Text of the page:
A Flare for the digital
RILEY CHERVINSKI, ARTS COLUMNIST
Fall semester is coming to an end, and for some students that means heading off to the (semi) real world for work placements. Gone are the early morning bus rides, the naps on school couches and the strictly Tim Hortons diets. Instead, we get to experience cubicles, bosses and deadlines.
I’m lucky enough to be heading to Toronto for a three-week internship with Flare magazine. Or at least I thought I was lucky until I read an article in The Globe and Mail this week with the headline, “Rogers pulling Flare magazine from newsstands next year.” I stared in shock and considered running up and down the streets of The Exchange District yelling, “PRINT IS DEAD! THE DAY HAS COME.”
Until, of course, I read further into the article.
It explained the publisher felt traditional stand sales were too old-fashioned for the millennial-aimed magazine. Digital circulation of the magazine is up to 29 per cent of readership, according to the article. The magazine will likely turn subscription-only or start uploading more stuff to its website, Instagram and app.
Flare is not the only publication succeeding digitally. The New York Times reached one million digital-only subscribers this year.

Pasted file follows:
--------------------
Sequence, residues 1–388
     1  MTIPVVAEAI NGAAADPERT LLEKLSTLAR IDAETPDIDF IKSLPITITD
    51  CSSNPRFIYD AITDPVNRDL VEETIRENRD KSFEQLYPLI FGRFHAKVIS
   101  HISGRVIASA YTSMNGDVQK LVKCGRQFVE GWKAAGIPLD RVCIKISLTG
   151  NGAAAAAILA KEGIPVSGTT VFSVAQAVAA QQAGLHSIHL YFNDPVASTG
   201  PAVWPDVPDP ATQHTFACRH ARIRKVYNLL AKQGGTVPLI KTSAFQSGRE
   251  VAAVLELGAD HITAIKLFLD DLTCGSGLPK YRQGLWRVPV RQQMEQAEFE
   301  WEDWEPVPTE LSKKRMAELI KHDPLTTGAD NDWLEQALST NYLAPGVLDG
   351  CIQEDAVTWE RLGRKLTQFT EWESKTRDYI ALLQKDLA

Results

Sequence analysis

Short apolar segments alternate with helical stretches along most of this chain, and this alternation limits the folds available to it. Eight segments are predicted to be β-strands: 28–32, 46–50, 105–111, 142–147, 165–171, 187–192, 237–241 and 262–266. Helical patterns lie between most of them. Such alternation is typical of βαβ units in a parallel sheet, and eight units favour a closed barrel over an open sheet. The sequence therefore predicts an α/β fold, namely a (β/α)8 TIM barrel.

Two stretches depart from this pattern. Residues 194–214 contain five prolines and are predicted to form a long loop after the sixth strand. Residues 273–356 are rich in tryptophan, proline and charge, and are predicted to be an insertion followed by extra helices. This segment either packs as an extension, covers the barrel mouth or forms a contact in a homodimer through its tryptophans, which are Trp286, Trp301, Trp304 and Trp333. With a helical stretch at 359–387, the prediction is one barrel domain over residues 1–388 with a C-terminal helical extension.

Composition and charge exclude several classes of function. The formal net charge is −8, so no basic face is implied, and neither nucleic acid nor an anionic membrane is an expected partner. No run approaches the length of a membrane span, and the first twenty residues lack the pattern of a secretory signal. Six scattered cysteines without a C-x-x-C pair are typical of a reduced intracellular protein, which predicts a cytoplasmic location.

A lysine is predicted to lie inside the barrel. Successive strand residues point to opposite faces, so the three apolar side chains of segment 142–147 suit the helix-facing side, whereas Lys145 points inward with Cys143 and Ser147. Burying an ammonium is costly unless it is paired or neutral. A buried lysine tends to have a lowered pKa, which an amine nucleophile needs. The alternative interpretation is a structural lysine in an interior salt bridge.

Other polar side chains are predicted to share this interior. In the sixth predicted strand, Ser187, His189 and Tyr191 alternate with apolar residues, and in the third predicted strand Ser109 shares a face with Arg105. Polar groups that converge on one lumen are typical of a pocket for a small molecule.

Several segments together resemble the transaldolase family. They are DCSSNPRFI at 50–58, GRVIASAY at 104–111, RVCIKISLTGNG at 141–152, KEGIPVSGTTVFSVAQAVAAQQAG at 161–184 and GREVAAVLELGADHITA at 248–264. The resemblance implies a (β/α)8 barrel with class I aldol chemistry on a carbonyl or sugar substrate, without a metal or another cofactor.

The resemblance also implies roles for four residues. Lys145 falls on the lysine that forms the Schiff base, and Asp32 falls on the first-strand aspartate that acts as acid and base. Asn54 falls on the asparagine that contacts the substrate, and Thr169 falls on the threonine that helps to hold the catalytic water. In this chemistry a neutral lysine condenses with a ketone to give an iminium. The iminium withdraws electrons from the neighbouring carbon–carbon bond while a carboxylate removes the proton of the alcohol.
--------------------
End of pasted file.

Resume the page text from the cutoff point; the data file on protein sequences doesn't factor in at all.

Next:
The media’s transition from print to online is not a new issue — no pun intended. It is the first time, however, that these changes have directly affected me. Much of the interview for my internship was focused on writing for the web. They asked me for ideas for web content, how to write for an online platform and how I would utilize the magazine’s Instagram, Twitter and iPhone app.
One serious interview question was how I would respond to Drake’s new “Hotline Bling” music video.
As young producers and consumers of media, this switch to online platforms should matter to us. Soon we’ll be devouring Cosmo sex tips solely online and admiring Justin Timberlake’s abs only through our phone screens.
The switch to digital will touch our future jobs, no matter our line of work. Interviewers will ask us about our ability to navigate digitally. We’ll stare at screens more than we stare at our bosses.
So the next time your mom yells at you for being on your phone at the dinner table as you painfully shovel down her dry pork roast, tell her you’re preparing for your digital future. Besides, she can email you if she has anything important to say.
Riley Chervinski is a journalism student, soccer player
and reader of cringe-worthy chick-lit. You can usually find her
scrolling through Tumblr, scoping out recipe blogs or
laughing at her own jokes @rileychervinski.